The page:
thu 07/12/2023

Agustín Fernández Mallo: The Things We've Seen review - degrees of separation | reviews, news & interviews

Agustín Fernández Mallo: The Things We've Seen review - degrees of separation

Agustín Fernández Mallo: The Things We've Seen review - degrees of separation

The B-side of reality comes to the fore in this roving exploration of connection and isolation

Agustín Fernández MalloAina Lorente Solivellas

Trilogies (it is noted, in the term’s Wikipedia entry) “are common in speculative fiction”. They are found in those works with elements “non-existent in reality”, which cover various themes “in the context of the supernatural, futuristic, and many other imaginative topics”.

All of these apply in some sense to The Things We’ve Seen, the latest novel from Spanish writer Agustín Fernández Mallo. The title owes itself to a line by the poet Carlos Oroza; the full version (“It’s a mistake to take the things we’ve seen as a given”) is one of a number of cut-phrases that loop and reverberate at different points across each of its three parts, alongside facts (“Venus takes 243 Earth days to rotate about its axis, but only 224 to orbit the sun”), photographs and figures plucked from cultural and scientific history. These are woven together in Mallo’s unconventional work to form a tapestry of moments often banal and insignificant, others curious and bizarre, rebounding against each other to spark new lines of inquiry, or circling recursively back to earlier observations.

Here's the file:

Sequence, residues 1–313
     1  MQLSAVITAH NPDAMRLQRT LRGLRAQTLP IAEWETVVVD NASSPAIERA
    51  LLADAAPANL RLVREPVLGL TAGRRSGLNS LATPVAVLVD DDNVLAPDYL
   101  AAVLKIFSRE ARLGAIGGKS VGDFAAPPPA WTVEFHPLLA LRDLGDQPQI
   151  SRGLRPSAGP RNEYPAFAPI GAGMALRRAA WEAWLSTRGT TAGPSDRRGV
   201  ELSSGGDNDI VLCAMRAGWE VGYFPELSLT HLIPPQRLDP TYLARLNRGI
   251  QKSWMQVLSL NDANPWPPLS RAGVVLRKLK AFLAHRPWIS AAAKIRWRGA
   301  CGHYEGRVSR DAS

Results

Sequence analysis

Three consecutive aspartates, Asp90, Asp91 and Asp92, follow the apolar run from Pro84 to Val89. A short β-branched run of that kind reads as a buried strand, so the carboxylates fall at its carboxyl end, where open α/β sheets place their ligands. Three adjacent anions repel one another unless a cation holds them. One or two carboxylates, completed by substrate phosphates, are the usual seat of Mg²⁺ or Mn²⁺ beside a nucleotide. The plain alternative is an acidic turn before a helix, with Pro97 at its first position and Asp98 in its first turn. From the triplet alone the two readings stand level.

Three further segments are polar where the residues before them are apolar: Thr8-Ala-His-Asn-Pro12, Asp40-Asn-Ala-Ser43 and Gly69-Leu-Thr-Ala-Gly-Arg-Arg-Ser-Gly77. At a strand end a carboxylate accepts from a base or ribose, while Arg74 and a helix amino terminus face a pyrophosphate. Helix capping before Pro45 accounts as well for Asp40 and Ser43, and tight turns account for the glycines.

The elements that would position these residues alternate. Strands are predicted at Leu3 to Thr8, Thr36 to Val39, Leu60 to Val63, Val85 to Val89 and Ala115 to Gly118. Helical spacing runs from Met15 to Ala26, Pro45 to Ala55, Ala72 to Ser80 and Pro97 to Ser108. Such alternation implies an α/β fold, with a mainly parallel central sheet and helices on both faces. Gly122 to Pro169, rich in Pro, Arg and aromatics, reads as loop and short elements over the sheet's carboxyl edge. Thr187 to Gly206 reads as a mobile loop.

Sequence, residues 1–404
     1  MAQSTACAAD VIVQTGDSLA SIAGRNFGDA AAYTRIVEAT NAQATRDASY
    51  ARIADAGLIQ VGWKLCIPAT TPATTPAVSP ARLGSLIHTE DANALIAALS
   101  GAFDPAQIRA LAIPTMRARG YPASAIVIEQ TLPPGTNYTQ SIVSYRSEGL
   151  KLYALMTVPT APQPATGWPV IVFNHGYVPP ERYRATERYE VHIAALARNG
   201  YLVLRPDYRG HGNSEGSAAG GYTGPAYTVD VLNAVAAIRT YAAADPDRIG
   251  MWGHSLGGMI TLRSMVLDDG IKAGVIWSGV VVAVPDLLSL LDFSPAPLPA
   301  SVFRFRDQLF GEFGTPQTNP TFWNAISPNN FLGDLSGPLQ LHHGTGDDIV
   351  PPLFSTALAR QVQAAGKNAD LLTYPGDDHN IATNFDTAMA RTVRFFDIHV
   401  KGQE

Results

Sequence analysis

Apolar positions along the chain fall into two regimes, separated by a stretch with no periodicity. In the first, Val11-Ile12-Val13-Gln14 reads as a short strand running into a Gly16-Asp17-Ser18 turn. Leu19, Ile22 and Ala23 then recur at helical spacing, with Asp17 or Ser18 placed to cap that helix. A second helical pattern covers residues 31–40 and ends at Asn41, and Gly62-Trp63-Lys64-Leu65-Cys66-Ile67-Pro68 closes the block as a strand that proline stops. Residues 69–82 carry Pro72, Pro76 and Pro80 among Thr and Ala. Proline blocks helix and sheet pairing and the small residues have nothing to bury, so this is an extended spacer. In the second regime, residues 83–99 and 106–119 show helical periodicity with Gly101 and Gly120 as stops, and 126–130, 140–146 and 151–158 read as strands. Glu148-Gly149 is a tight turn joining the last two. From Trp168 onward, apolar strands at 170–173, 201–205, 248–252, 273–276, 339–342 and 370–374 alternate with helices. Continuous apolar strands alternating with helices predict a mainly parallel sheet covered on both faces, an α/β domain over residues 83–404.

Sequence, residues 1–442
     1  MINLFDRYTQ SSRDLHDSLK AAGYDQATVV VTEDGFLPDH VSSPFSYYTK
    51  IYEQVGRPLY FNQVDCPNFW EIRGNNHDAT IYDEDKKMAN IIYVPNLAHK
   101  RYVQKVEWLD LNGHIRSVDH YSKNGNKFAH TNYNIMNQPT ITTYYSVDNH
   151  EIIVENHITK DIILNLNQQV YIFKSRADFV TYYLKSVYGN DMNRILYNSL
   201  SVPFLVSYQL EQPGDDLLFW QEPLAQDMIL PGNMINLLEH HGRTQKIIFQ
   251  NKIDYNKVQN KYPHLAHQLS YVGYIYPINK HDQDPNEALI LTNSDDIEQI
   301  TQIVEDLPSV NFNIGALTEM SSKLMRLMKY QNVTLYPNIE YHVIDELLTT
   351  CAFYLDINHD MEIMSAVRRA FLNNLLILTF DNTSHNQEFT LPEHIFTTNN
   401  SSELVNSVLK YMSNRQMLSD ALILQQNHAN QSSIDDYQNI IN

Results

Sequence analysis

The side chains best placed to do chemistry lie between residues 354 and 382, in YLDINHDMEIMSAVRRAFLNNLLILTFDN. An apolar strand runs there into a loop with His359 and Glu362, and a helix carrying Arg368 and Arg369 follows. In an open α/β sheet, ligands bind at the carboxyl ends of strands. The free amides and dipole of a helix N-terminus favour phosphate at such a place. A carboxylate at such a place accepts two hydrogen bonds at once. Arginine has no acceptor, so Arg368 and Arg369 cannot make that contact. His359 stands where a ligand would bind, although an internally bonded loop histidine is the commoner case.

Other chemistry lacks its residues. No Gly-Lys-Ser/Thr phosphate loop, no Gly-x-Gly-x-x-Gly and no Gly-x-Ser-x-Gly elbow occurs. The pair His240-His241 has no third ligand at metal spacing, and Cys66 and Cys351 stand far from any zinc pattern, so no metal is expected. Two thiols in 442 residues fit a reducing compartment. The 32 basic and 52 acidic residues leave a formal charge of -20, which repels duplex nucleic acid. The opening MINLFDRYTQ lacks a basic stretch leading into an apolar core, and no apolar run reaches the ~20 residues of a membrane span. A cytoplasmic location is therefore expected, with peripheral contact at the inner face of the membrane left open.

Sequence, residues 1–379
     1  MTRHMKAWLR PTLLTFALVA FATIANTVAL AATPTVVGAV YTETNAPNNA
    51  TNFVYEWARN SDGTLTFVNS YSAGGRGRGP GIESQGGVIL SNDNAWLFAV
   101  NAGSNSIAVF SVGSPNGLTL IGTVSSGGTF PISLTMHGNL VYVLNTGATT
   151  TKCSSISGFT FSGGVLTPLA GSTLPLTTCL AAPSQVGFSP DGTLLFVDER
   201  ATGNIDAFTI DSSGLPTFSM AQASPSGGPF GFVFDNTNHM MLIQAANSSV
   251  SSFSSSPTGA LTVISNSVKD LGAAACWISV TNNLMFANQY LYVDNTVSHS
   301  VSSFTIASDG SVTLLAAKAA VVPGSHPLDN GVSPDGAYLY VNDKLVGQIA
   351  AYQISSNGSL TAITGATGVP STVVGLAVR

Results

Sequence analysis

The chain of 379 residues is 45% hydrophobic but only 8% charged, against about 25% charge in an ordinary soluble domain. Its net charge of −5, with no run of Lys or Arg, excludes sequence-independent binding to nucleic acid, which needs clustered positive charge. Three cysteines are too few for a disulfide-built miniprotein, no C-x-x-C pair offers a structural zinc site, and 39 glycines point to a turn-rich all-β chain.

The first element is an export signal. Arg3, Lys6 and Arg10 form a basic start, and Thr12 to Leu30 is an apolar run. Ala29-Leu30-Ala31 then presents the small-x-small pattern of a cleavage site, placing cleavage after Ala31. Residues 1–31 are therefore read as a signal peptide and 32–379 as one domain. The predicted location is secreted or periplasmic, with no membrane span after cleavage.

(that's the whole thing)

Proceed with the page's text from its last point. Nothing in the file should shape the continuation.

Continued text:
Although The Things We've Seen offers little by way of strict chronology, the novel "begins" on the Spanish of island of San Simón. There, a narrator and writer (of close resemblance to Mallo) is due to participate in a series of panel discussions for a programme entitled “Net Thinking”. Despite his scant contributions, the narrator decides “to offer something up about when communities, whether human or animal, are isolated for long periods”. It is an oddly prescient moment (the Spanish original was published as far back as 2018) which, short of accounting for the ensuing pandemic, nevertheless underlines its acceleratory effects. This is a writer fascinated by the present state of the human condition, beset by the rapid onset of the internet, social media – “I saw the best minds of my generation destroyed by Facebook” is one oft-repeated line – and an increasingly pronounced sense of our own separation.

The Things We've Seen coverAgainst these problems, The Things We’ve Seen presents itself as a cure, of sorts. The aim of the Net Thinking panel is “to reflect on digital networks” – a recurrent metaphor, but a metaphor first and foremost: for another, more fundamental connective thread. In an interview last year, discussing the novel with Spanish writer and critic Jorge Carriòn, Mallo remarked that, “We are all socially connected with somebody who died in war.” Here, nothing exists in isolation; it soon emerges that San Simón is a former Franquist concentration camp – and the start of the second part brings a new narrator, Kurt, an American veteran of the Vietnam War, who remains haunted at night by his memories of the conflict, of “gunfire and the rumble of a helicopter ripping away into the emptiness”. History, connection, association: these are not wholly unprecedented themes. “WG Sebald and I were twins,” declares the novel’s third and final narrator – an unnamed woman, charting a path along the Normandy coast in remembrance of a journey she made years previously. Unlike some of Mallo’s other creditors (notably, Salvador Dalí and Federico García Lorca), the author of The Rings of Saturn does not physically appear in the text. But Sebald’s influence is near-omnipresent, particularly whenever the novel's course strays east of the Atlantic.